Posts Tagged ‘great conversations’


Wednesday, February 6th, 2013

Spend less time with critical people and more time with those who love and support you.

Talk is Not Cheap in Relationships

Wednesday, December 14th, 2011

You’ve most likely heard the expression talk is cheap. It definitely doesn’t apply to relationships. If anything it’s a commodity. Without talk a relationship is destined to die.

Sometimes, especially in the beginning, talk is hard to come by. People feel their way as they create conversation in order to find common ground. Some conversations last just a few seconds, simple words, light and breezy. Others can be meatier and last hours.

Talk is good.  Not necessarily idle chatter but sincere communication heals our souls and keeps the brain active and stimulated.

Talking about common interests, activities, current events, ideas, travel, dreams, goals, and plans usually put people at ease. When it gets right down to it, all of our relationships are a series of conversations.

Great relationships don’t just happen–they’re created and one of the primary ingredients is talk. Talk is wonderful music to the ears. It has great value. It’s like physical exercise—the more you do the better you get and the more you look forward to it.

If you find it tough to involve another person in conversation, keep trying. As the conversation starts to flow,  you’ll become more comfortable and start looking forward to it. If you run across someone who seems turned off by a meaningful exchange take note of it. If you are dating and conversation comes hard a safe bet is to ask the other person about themselves–most people love to talk about their views activities hobbies etc. Guard against overwhelming your partner. Too much question and answer conversation for hours at a time is too much to deal with. Shorter meaningful conversations have a greater impact over time.

To keep a relationship going keep the lines of communication flowing.

When It’s Your Time to Shine

Tuesday, July 13th, 2010

Don’t be late, don’t make excuses, and don’t let fear stand in your way. You never know when a golden moment will come your way–be ready!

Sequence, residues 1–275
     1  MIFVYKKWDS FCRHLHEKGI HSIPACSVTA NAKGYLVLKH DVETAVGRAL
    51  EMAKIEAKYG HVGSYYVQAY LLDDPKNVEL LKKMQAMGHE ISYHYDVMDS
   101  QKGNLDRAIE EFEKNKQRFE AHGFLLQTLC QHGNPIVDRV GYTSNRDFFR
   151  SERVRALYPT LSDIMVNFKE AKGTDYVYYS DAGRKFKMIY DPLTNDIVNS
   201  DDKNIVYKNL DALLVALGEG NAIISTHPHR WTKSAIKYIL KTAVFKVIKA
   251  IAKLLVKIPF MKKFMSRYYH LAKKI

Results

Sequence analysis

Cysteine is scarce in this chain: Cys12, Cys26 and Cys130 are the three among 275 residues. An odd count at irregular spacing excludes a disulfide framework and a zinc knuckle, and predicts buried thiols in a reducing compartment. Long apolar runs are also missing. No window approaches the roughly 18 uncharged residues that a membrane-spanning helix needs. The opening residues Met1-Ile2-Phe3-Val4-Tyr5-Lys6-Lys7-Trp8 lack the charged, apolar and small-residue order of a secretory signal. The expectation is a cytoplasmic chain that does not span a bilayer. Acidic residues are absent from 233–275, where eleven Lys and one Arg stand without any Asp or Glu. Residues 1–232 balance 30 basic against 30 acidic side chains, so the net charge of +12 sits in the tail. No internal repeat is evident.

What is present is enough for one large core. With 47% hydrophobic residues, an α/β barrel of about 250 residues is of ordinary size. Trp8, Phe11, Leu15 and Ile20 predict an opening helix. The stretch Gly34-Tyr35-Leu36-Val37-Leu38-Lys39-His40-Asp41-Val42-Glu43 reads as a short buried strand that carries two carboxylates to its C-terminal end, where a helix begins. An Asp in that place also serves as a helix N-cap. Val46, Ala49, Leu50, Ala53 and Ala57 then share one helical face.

More than a Haircut…

Sunday, June 20th, 2010

After work this past Friday I just knew I wouldn’t be going home until I got a haircut. I couldn’t stand it any more!! I was way past overdue and didn’t want to go home without one. Determined,  I set out to complete this task. I thought that perhaps Friday after 5 might not be the best time but figured it most likely wasn’t the worst either so stopped in at a local cut and go salon.

I walked in, put my name on the list, and was told my wait would be about 10 minutes. As I scanned the salon, there appeared to be three stylists working with other customers so I thanked her, sat down, relaxed, and opened a National Enquirer which I figured would be fun to read while I waited…

I don’t know if it was because I was so thoroughly engrossed in my reading or just brain dead after a long week but by the time I looked up at the clock it was pretty surprising to see that my 10 minute wait had turned into 30. I looked around and could see that the three stylists were still with the same customers–a couple of them sitting down right along with them chatting away!

I suddenly felt a wave of invisibility come over me. Did I exist? Was I really there waiting for a haircut? What the heck is going on? I thought–how much effort would it take for one of those stylists to come over or even look my way to let me know they hadn’t forgotten me and that someone would be with me shortly…

But that didn’t happen–even after steadily looking their way hoping for some eye contact. A few more minutes ticked by. I decided I was going to make my move: I was either going to stand up and ask how much longer or was going to walk out. I concluded that given the current situation, I was past the point of feeling this would be a satisfactory haircut experience. Even if they came up to me in the next 5 seconds I would most likely not be a happy customer because I felt ignored. So I got up, crossed my name off the list, and left. (more…)

Love in Your Heart

Sunday, June 20th, 2010

Keep love in your heart. A life without it is like a sunless garden when the flowers are dead. The consciousness of loving and being loved brings a warmth and richness to life that nothing else can bring.   –Oscar Wilde

On Making Mistakes…

Saturday, May 1st, 2010

A life spent making mistakes is not only more honorable but more useful than a life spent doing nothing.      George Bernard Shaw

Choosers Don’t Need Babysitters

Tuesday, January 19th, 2010

I remember reading an online dating profile awhile back. The man said he was looking for a woman he didn’t have to baby-sit. He said the last woman he dated expected him to plan all their activities and pay for them. His take  was that all she had to do was show up. After reading what he wrote I thought, well, sure I’d want a dating partner who shared in the dating experience but then again I had to wonder what that particular woman’s view of dating this man would be.